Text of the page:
Invitatory

Lord, open my lips.
And my mouth will proclaim your praise.

Ant. Come, let us worship Christ, the King of martyrs.

Psalm 95

Come, let us sing to the Lord
and shout with joy to the Rock who saves us.
Let us approach him with praise and thanksgiving
and sing joyful songs to the Lord.

Ant. Come, let us worship Christ, the King of martyrs.

The Lord is God, the mighty God,
the great king over all the gods.
He holds in his hands the depths of the earth
and the highest mountains as well
He made the sea; it belongs to him,
the dry land, too, for it was formed by his hands.

Ant. Come, let us worship Christ, the King of martyrs.

Come, then, let us bow down and worship,
bending the knee before the Lord, our maker,
For he is our God and we are his people,
the flock he shepherds.

Ant. Come, let us worship Christ, the King of martyrs.

Today, listen to the voice of the Lord:
Do not grow stubborn, as your fathers did
in the wilderness,
when at Meriba and Massah
they challenged me and provoked me,
Although they had seen all of my works.

Ant. Come, let us worship Christ, the King of martyrs.

Forty years I endured that generation.
I said, “They are a people whose hearts go astray
and they do not know my ways.”
So I swore in my anger,
“They shall not enter into my rest.”

Ant. Come, let us worship Christ, the King of martyrs.

Glory to the Father, and to the Son,
and to the Holy Spirit:
as it was in the beginning, is now,
and will be for ever. Amen.

Ant. Come, let us worship Christ, the King of martyrs.

The English translation of The Liturgy of the Hours (Four Volumes) ©1974, International Commission on English in the Liturgy Corporation. Readings and Old and New Testament Canticles (except the Gospel Canticles) are from the New American Bible © 1970 Confraternity of Christian Doctrine, Washington, D.C.. Used with permission. All rights reserved. The DivineOffice.org website, podcast, apps and all related media follows the liturgical calendar for the United States. The 1970 edition of the New American Bible as published in the Liturgy of the Hours is approved for use only in the United States. DivineOffice.org website, podcast, apps and all related media is © 2006-2022 Surgeworks, Inc. All rights reserved.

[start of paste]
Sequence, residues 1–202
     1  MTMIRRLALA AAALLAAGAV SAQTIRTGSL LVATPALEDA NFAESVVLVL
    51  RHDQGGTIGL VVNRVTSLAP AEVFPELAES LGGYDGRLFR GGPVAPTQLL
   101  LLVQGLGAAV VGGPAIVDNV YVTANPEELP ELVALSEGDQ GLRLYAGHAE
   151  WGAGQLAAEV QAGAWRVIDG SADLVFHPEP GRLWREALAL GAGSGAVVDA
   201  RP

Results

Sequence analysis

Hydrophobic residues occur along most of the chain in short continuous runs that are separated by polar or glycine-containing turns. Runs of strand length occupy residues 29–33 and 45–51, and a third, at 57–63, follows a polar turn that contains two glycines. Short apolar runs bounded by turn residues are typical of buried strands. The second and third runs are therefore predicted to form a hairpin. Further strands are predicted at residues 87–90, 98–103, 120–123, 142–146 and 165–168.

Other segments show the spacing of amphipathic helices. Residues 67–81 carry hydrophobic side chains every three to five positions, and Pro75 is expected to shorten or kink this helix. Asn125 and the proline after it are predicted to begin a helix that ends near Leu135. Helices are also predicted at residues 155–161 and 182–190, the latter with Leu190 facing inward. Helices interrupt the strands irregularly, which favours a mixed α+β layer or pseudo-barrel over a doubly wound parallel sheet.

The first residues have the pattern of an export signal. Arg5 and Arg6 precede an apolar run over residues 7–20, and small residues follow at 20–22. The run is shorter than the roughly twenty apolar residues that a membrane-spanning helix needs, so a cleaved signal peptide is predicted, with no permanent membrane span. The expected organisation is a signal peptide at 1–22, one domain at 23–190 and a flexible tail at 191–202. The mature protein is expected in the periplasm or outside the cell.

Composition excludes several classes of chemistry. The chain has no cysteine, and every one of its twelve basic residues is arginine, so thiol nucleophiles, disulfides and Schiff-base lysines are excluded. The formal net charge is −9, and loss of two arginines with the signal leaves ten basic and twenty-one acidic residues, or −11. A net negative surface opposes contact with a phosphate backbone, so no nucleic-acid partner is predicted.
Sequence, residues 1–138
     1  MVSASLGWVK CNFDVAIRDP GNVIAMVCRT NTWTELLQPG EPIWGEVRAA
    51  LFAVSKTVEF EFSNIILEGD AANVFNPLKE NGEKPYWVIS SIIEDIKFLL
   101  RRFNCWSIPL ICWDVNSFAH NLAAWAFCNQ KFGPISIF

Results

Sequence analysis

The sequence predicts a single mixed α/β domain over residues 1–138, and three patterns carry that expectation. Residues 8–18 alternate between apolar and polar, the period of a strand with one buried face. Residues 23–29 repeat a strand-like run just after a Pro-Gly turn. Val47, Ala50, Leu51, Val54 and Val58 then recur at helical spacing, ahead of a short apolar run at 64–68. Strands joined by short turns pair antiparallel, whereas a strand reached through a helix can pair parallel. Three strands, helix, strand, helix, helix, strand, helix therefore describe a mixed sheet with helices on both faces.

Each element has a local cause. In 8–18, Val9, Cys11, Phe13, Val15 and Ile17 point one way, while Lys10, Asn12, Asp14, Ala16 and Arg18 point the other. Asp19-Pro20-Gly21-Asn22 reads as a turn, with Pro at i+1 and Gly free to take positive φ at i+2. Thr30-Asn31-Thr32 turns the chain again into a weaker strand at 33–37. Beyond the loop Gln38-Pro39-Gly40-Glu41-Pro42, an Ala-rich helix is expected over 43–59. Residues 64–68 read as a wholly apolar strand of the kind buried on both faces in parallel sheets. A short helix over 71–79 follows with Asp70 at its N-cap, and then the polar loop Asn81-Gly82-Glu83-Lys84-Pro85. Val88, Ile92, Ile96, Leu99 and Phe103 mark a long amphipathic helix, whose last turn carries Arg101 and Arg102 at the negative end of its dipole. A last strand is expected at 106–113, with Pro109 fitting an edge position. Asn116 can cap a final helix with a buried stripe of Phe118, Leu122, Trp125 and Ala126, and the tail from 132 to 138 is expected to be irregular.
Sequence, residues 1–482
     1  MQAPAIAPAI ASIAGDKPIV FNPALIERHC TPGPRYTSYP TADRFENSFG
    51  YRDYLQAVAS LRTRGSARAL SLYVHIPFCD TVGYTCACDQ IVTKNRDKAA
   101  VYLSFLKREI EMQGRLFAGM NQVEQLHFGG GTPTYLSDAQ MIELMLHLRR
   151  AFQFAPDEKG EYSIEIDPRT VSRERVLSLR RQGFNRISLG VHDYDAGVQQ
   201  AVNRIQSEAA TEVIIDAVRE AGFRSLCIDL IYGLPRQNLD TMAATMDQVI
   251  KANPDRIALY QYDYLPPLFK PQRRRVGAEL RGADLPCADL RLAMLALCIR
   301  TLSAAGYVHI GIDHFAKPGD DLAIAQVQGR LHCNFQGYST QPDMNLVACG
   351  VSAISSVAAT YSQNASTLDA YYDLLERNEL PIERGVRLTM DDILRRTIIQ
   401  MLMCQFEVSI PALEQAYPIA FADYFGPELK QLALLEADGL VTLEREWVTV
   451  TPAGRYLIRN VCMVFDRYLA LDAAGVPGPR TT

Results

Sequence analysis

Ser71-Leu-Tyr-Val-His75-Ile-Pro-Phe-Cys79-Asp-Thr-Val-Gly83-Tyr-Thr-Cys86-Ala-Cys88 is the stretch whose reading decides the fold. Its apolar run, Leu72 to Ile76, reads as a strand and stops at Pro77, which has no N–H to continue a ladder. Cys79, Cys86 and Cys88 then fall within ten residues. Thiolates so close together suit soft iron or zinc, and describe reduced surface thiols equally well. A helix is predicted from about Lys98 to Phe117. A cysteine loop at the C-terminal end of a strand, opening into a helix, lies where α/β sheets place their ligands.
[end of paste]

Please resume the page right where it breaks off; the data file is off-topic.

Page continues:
About Today

Saint Justin By Ulasgoc (Own work) [CC BY-SA 4.0 (http://creativecommons.org/licenses/by-sa/4.0)], via Wikimedia Commons

June 1

Saint Justin, Martyr

Memorial

“Straightway a flame was kindled in my soul; and a love of the prophets, and of those men who are friends of Christ, possessed me; and whilst revolving his words in my mind, I found this philosophy alone to be safe and profitable.” – Saint Justin [1]

Today is the memorial of Saint Justin, Martyr. Saint Justin was born in Palestine around the beginning of the 2nd century. He was educated in Greek thought and studied the preeminent philosophies of his day, a true eclectic. Despite these pagan influences, he came to believe God’s message was embodied in Christian teachings and his conversion account describes that Christian moral beauty and truth brought him to Christ. Saint Justin is beloved as a pure pagan philosopher who witnessed the early Church, was transformed, and evangelized – prior to his martyrdom, in Asia Minor and Rome. His writings are well-respected to this day and include such works as; A Discourse to the Greeks, On the Soul, and The First and Second Apology, addressed to the Roman Senate. [2]

Written by Sarah Ciotti
[1] Saint Justin, “Dialogue with Trypho,” in The Ante-Nicene Fathers, Christian Classics Ethereal Library, www.ccel.org.
[2] Catholicpedia: The Original Catholic Encyclopedia (1917) for iPhone, iPad, and iPod Touch. s.v. “St Justin Martyr.”

The English translation of The Liturgy of the Hours (Four Volumes) ©1974, International Commission on English in the Liturgy Corporation. Readings and Old and New Testament Canticles (except the Gospel Canticles) are from the New American Bible © 1970 Confraternity of Christian Doctrine, Washington, D.C.. Used with permission. All rights reserved. The DivineOffice.org website, podcast, apps and all related media follows the liturgical calendar for the United States. The 1970 edition of the New American Bible as published in the Liturgy of the Hours is approved for use only in the United States. DivineOffice.org website, podcast, apps and all related media is © 2006-2022 Surgeworks, Inc. All rights reserved.

Liturgy of the Hours for November 28